Gavyn Davies reviews the evidence on the apparent slowing of US economic activity and concludes:
So is the US slowdown for real? Yes, but it is not yet very severe — and some of it is the result of the temporary inventory correction, and some to the rising dollar. Unless it grows worse in the next few weeks, it is unlikely to dislodge the Fed from the path it has now firmly chosen.
This I think is broadly consistent with views on the FOMC and explains why many policymakers insist that a rate hike this year remains likely. Vice Chair Stanley Fischer was the latest to reiterate the point. Via his prepared remarks for the IMF:
In the SEP, the Summary of Economic Projections prepared by FOMC participants in advance of the September meeting, most participants, myself included, anticipated that achieving these conditions would entail an initial increase in the federal funds rate later this year.
They will want look through any near term GDP volatility, and discount volatility related to inventories. Look then to real final sales rather than GDP. Avoid getting caught up in the headline numbers; watch the underlying trends instead.
Still, there is a range of views on the FOMC, from Richmond Fed Jeffrey Lacker, who believes the Fed should already have raised rates, to Minneapolis Federal Reserve President Narayana Kocherlakota, who would like the Fed to consider a negative rate. And arguably even the center is not particularly committed to a particular policy path. To be sure, they like to talk tough, but every time they get ready to jump, they walk back from the edge.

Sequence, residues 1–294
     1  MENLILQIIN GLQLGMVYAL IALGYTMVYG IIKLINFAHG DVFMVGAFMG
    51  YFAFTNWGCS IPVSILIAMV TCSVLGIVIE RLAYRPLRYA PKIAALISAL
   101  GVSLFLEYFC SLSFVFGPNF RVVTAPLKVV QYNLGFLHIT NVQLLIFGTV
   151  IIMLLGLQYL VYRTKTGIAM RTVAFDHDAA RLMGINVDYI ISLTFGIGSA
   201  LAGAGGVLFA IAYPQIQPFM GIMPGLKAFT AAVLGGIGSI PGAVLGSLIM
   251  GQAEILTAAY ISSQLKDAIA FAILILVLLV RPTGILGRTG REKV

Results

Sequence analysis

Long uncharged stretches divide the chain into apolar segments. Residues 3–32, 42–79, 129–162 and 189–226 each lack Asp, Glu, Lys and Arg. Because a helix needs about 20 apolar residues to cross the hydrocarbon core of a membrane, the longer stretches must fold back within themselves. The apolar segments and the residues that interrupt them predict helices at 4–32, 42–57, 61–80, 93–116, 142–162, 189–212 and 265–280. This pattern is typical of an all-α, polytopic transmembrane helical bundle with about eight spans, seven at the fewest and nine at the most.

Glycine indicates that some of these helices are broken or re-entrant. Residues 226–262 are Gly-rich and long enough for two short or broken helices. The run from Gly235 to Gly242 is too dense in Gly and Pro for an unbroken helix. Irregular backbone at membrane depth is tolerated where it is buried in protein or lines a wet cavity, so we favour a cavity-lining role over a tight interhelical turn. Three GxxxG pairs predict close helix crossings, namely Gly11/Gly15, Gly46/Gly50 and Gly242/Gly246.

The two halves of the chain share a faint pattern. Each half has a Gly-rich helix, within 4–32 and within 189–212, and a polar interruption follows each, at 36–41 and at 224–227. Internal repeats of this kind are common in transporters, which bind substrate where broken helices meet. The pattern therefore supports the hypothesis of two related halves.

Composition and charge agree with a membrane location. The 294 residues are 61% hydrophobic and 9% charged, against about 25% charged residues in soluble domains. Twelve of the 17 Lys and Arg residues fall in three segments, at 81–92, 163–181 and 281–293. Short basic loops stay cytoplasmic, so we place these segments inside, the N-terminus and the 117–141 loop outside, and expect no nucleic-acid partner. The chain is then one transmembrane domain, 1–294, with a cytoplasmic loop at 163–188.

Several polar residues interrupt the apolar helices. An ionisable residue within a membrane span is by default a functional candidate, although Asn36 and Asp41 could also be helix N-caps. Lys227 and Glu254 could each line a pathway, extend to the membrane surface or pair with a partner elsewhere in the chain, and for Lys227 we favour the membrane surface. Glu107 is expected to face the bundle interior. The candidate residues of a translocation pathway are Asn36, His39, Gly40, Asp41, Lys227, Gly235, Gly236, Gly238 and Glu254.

Why the lack of conviction? Essentially, the economy is resting on what is likely its high water mark for growth in this cycle, leaving the Fed perplexed regarding their next move. They want the economy to slow from its current pace and glide into a soft landing. But acting too early will leave their job half finished and sow the seeds of the next recession. Acting too late, however, will yield the inflationary outcome they so fear. And they don’t know the exact definitions of “too early” and “too late.”
This chart (modified from Davies’ version) illustrates the evolution of US growth since 2012:
In broad terms, consumption, investment, and government spending jointly accelerated during 2013. The external side of the economy offset some of this acceleration by first moving from a slightly positive contribution to none and then, beginning in 2014, a substantial negative contribution. The net effect is that overall economy largely normalize around a 2.5% growth rate in 2014 and remained there since.
That 2.5% growth is what the economy delivers given the combination of long-term factors (labor and productivity growth) and the current set of fiscal, monetary, and external conditions. The actual composition of output will evolve around that 2.5% rate. It is likely the high-water mark, in terms of growth, for this recovery. Faster growth likely requires a net easier combination of monetary and fiscal policy. Slower growth may already be locked in by past policy, or maybe the economy just moves generally sideways from here.